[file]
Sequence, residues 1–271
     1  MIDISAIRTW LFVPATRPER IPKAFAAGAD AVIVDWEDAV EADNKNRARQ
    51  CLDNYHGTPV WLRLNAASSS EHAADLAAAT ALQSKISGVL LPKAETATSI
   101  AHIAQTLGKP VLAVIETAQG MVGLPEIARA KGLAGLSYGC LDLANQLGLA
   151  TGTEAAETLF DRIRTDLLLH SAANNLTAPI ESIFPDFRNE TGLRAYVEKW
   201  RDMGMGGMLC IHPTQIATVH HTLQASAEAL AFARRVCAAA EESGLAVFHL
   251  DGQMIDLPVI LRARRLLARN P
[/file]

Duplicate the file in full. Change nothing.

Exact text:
Sequence, residues 1–271
     1  MIDISAIRTW LFVPATRPER IPKAFAAGAD AVIVDWEDAV EADNKNRARQ
    51  CLDNYHGTPV WLRLNAASSS EHAADLAAAT ALQSKISGVL LPKAETATSI
   101  AHIAQTLGKP VLAVIETAQG MVGLPEIARA KGLAGLSYGC LDLANQLGLA
   151  TGTEAAETLF DRIRTDLLLH SAANNLTAPI ESIFPDFRNE TGLRAYVEKW
   201  RDMGMGGMLC IHPTQIATVH HTLQASAEAL AFARRVCAAA EESGLAVFHL
   251  DGQMIDLPVI LRARRLLARN P